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Face the Musician: EFFI BRIEST’s Rhizomes

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Face the Musician is based on the idea that discussion of an album shouldn’t end with its review, because there’s always more to say. So we invite the musician back — not to critique the review, but to talk about their work with the review as a conversation piece.

Face the Musician: EFFI BRIEST’s Rhizomes

  • Read Ben Donnelly’s review of EFFI BRIEST’s Rhizomes

    Dusted: What kind of geometry was Rhizomes built on? Did you approach it like a puzzle?

    Corinne Jones: The rhizomatic construct is the appropriate model. It really is a metaphor for the way we work together. It’s the philosophy put into practice by way of music. Mixing was sort of a puzzle, but the end result has more than one answer or sum.

    Dusted: So what is the philosophy? And when you transferred it from model to practice, how was it affected?

    Jones: I know that sounds like a bold statement, but by using the rhizome philosophy, all I mean to do is make something seemingly elusive accessible by example. This wasn’t a conscious way to approach song writing, it’s something that occurred to me later. And lately, it’s been brought to my attention that the way we work together is rare within bands and that I should try to talk about that more.

    Dusted: Dusted’s review calls your music “Arab-esque.” Would that description be more or less accurate without the dash in the middle of the word?

    Jones: Arabesque in a sense of pattern? I’m not really sure how that applies to us but there has been an influence of Middle Eastern music. It’s really interesting to me how much Middle Eastern music is part of Western music at the moment. I liken it to reggae’s impact on British bands in the 1970s. That may be incorrect, but there’s something there. It’s political and it’s interesting.

    Dusted: I think the reviewer meant Arabesque in the sense of being geometrically complex, rather than being middle eastern in influence. But it’s interesting that you answered the question through the second meaning instead. What are the politics, in your mind, of this current pattern of musical influence? And what specifically are you influenced by?

    Jones:Arabesque patterns are amazing. I love the micro / macro sense of order. If there’s anyway our music touches that well, cool. It’s hard to draw out the political parallels because what’s happening now in North Africa and the Middle East is on a global scale and the economics are quite different. But what I’m trying to put a finger on is the desire people have to identify with, or construct identity through music that is "charged" and that is where I see the strains of influence. On a whole, I think the influence present in Rhizomes owes more to the middle eastern sounds rooted in 60’s psych.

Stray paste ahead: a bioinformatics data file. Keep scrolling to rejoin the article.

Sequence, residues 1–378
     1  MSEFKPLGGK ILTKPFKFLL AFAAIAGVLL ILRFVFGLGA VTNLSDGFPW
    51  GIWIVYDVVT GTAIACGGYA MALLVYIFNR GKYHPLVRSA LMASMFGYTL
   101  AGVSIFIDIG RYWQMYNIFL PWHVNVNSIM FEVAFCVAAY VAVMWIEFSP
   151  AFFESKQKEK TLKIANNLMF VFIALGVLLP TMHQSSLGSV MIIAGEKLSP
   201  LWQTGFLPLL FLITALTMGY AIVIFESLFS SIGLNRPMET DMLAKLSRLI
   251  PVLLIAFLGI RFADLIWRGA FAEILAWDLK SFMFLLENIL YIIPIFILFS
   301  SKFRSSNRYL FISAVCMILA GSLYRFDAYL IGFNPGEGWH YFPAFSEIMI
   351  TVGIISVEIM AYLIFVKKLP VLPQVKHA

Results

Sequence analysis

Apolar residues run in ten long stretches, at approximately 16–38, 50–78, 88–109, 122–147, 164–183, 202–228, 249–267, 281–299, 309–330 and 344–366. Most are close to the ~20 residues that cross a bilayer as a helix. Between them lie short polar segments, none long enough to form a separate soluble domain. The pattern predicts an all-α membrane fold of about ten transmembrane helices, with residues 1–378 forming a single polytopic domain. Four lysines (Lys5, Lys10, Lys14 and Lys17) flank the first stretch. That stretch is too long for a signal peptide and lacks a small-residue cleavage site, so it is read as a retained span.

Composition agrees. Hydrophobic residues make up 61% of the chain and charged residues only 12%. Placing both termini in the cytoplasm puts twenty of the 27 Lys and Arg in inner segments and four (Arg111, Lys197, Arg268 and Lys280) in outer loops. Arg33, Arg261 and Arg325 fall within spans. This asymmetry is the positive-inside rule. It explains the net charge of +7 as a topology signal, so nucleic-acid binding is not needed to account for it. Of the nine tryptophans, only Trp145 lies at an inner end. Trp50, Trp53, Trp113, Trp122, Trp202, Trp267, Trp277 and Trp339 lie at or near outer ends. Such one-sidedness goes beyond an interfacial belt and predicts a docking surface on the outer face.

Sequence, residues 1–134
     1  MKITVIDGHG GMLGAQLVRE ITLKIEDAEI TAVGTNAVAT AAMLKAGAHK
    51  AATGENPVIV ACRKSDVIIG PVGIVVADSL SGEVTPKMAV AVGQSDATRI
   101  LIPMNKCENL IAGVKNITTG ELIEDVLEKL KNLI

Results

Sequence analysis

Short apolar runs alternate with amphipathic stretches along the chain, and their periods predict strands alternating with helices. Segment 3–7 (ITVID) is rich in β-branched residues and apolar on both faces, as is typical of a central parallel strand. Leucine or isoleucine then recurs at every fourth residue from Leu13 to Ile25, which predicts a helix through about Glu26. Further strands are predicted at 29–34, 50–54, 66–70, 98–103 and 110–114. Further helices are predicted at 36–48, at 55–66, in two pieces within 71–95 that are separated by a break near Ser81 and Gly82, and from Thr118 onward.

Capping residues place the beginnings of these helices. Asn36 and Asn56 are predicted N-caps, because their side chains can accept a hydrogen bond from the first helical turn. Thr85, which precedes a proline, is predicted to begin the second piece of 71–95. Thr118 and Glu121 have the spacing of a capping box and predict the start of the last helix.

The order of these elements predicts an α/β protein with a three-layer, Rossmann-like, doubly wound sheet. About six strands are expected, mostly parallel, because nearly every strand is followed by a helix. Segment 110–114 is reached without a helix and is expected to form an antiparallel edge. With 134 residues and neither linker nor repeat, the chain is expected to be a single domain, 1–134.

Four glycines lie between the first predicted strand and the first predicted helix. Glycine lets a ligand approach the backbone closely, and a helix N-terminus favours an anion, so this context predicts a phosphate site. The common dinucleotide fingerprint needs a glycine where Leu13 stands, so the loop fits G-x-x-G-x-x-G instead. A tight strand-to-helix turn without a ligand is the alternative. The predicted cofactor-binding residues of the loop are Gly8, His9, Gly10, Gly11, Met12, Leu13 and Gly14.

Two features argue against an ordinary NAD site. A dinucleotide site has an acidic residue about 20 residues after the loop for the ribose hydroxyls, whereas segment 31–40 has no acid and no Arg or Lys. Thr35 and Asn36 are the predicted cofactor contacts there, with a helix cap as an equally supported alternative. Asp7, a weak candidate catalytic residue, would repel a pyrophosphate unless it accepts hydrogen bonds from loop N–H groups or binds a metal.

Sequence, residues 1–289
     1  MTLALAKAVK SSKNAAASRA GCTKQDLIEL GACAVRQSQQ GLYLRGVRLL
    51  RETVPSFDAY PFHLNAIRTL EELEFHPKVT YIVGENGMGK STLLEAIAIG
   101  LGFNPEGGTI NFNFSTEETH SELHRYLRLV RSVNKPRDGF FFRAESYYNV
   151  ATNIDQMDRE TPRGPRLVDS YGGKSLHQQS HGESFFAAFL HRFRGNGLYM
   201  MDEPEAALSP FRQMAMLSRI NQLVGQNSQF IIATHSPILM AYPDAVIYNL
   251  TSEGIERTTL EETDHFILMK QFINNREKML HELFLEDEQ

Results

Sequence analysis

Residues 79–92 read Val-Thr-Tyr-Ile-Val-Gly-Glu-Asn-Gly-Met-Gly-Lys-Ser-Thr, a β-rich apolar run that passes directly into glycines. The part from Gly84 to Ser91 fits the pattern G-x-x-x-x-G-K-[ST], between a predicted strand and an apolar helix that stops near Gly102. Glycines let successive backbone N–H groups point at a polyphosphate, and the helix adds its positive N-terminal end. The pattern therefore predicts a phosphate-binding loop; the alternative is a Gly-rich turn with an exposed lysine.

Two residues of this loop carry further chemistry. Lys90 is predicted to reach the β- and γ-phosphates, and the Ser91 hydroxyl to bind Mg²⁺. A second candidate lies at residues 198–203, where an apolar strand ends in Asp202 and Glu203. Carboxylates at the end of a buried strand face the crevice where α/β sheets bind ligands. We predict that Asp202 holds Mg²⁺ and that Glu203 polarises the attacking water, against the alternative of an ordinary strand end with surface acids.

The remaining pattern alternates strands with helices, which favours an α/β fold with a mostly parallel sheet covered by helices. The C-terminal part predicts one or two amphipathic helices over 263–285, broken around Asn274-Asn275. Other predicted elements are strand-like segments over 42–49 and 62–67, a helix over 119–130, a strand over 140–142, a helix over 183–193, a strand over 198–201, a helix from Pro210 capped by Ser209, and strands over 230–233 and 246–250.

Dusted: A few weeks ago in this space, Dan Bejar (Destroyer) said that "I sense it’s particularly important in this day and age to look at what’s going on with this ’listening closely’ business... or it’s almost complete absence..." The review suggests that Rhizomes is precisely the kind of work that demands people listen closely. Was that gesture deliberate? Does indie rock indeed suffer from a very short attention span?

    Jones: Well, I think our songs can be kind of intricate, but it’s important that the overall feel is right because that’s the first layer you get a sense of. The parts you might miss at first, the other layers, are there, but not to make things busy or complex — just whatever is essential to keep things interesting. I’m slow to realize that this is not the way a lot of music is made, so I can’t say it was a deliberate way to get people to listen more closely. I’m guessing the indie attention span question is part of a larger cultural conundrum.

    Dusted: The review says that the bass is the "only constant." To my ears the weight of the percussion is maybe an even stronger signature. Is there some single element that you try to keep consistent in every song, or that ends up being consistent anyway?

    Jones: It’s true that at first listen some of the songs may come across as more of an interlocking displacement of sounds rather than more conventional song structures, but every part really has it’s place. We spent a lot of energy mixing the record to get that balance right. When we’re writing, the bass and drums hold down the song in a conventional sense. Once a structure is there, we make decisions like “it would sound more interesting if the drums drop out here,” for example. So yeah, the bass is a constant. Elizabeth [Hart] does an amazing job, which allows me more leeway with the drums, like in “Cousins” when the drums go into 5/5 time and everyone else stays in 4/4 with the bass. Also, Sara [Shaw]’s guitar lines hold it all together more than you might think — listen again!

    By Ben Tausig

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